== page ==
It derives from a Late Latin phrase that means
"greatest premise" and it denotes "a general truth expressed in one sentence."
What word is it?
Etymology, Etymology, and more Etymology
as well as grammar, usage, euphemism, slang, jargon, semantics, linguistics, neologism, idiom, cant, and argot.
The critically-acclaimed board game
consists of tough questions about the nuances of the English language.
The word maxim derives from the Late Latin
maxima propositio, greatest premise. When it entered English
in the 15th century, it denoted "a self-evident proposition used as a premiss
in reasoning." Within 150 years, it had come to label "a pithy expression of
This is the first one I answered
correctly in a long time! In fact, Aristotle is the first Rhetorician to coin
the phrase and use it to define "a self-evident proposition used as a premiss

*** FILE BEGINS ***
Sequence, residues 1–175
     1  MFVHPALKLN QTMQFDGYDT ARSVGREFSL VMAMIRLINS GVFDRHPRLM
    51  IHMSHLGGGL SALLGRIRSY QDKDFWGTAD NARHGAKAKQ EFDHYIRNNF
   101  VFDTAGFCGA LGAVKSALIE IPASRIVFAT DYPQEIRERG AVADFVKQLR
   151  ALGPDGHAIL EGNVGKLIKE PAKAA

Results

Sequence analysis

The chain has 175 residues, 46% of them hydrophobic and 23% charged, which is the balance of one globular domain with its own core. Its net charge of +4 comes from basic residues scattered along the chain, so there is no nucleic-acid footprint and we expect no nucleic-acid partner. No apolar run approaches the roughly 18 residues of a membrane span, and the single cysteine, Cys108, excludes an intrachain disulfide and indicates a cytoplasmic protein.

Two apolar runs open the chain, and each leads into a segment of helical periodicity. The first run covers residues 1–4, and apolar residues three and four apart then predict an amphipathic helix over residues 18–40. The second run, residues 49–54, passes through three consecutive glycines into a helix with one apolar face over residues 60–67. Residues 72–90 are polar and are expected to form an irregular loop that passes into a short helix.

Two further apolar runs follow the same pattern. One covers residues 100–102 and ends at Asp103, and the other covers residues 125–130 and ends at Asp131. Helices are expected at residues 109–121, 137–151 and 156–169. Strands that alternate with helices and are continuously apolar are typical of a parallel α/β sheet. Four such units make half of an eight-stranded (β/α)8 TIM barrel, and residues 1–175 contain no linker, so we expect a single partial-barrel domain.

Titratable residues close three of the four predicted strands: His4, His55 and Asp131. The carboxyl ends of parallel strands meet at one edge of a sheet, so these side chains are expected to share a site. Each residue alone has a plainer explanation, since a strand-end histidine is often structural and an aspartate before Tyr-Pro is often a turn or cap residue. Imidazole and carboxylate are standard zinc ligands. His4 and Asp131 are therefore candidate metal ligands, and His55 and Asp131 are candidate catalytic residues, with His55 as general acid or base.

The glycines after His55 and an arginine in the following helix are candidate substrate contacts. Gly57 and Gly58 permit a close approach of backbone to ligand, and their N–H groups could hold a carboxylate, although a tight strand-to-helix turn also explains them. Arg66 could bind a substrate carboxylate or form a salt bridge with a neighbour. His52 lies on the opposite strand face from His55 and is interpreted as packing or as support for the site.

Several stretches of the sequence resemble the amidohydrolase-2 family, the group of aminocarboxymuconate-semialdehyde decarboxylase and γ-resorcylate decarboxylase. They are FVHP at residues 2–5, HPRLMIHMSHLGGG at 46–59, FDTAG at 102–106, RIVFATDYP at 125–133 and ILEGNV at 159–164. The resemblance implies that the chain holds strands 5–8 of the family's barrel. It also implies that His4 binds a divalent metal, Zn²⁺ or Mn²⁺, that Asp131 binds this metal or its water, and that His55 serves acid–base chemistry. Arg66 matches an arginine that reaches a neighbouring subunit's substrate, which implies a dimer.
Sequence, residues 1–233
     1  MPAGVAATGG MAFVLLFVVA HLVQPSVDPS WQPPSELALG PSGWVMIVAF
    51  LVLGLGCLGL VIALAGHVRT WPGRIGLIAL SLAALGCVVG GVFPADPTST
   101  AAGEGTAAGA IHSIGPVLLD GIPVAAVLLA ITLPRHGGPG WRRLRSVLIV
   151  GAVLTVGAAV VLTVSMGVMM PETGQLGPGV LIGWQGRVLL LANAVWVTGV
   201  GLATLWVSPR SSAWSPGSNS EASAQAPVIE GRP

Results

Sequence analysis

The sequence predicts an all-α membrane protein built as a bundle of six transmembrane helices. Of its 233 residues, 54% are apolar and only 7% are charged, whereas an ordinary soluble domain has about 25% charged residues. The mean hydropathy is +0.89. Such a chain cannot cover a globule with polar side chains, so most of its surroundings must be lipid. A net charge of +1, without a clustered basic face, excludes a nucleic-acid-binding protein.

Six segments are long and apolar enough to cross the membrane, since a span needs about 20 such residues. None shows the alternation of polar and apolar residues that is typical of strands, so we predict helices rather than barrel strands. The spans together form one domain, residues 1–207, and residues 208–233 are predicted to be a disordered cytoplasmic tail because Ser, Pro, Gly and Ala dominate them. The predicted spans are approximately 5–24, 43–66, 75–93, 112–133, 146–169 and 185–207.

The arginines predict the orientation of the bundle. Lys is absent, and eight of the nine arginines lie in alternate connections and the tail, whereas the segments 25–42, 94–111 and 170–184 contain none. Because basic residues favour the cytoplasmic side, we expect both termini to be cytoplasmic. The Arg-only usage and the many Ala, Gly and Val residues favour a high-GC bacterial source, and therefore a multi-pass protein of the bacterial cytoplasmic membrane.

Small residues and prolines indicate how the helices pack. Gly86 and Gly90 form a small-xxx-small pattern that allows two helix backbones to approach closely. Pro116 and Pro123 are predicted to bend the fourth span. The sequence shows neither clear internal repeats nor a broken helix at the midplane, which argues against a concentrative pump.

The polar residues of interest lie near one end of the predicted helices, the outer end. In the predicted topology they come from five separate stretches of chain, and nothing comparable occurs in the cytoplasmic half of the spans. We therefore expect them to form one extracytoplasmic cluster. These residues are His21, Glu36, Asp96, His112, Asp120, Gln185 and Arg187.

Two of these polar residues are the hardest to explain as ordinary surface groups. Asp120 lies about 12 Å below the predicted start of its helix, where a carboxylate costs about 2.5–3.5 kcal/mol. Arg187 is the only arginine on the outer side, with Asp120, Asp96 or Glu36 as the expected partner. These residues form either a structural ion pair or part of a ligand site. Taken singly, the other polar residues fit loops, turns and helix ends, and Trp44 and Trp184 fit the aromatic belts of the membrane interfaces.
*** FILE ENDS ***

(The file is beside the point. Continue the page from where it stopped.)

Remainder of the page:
in reasoning" which can only be used by "elderly" men.
[Mootguy: Why can maxims only be used by elderly
Aristotle believed that a maxim could only
be used by "elderly" men because only older men were capable of knowing a
"self-evident proposition." In his time, for a young man to use a maxim was
“like telling stories – unbecoming; to use them in handling things in which
one has no experience is silly and ill-bred” (Aristotle, 840 B.C., p. 224 of
I actually applied a lot of Aristotle's
beliefs about maxims to our contemporary Maxim magazine and discovered that the
use of maxim in the magazine is no where near what Aristotle would consider a
"correct usage." (He's probably rolling over in his grave)
Dresang at uwyo.edu
How about Axiom? Does it not
also conform to the rubric of your question? I may be missing something, but
the two words both occured to me, and of the two Axiom may be the better
[Mootguy: "Axiom" doesn't
derive from a Late Latin phrase that means "greatest premise," so it doesn't
fit the question's requirements. ]
jromain at omnc.ca
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